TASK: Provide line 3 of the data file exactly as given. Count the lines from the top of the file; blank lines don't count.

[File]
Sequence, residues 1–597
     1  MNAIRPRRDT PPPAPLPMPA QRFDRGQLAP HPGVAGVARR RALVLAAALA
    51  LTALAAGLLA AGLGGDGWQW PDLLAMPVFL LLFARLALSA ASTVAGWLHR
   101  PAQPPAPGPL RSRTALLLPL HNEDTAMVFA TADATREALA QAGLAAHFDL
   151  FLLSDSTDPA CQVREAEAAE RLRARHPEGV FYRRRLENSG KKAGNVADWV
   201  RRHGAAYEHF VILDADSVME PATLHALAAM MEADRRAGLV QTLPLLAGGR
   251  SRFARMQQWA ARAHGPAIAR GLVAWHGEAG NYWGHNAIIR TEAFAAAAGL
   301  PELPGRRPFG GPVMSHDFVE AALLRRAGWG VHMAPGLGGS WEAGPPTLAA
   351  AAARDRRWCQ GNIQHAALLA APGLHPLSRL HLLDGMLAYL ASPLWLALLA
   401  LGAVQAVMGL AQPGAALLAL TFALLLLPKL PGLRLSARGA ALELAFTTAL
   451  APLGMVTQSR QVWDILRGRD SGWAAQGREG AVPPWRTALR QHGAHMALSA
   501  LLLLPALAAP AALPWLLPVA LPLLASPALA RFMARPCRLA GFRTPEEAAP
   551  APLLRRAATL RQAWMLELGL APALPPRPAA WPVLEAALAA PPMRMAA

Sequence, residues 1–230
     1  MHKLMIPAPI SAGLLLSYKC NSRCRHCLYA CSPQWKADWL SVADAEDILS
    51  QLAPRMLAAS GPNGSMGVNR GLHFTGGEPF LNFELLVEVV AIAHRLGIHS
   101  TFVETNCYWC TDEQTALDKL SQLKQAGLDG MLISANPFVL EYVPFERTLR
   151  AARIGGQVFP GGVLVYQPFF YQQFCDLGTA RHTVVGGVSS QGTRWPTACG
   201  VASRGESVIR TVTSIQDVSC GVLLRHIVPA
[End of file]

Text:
    51  LTALAAGLLA AGLGGDGWQW PDLLAMPVFL LLFARLALSA ASTVAGWLHR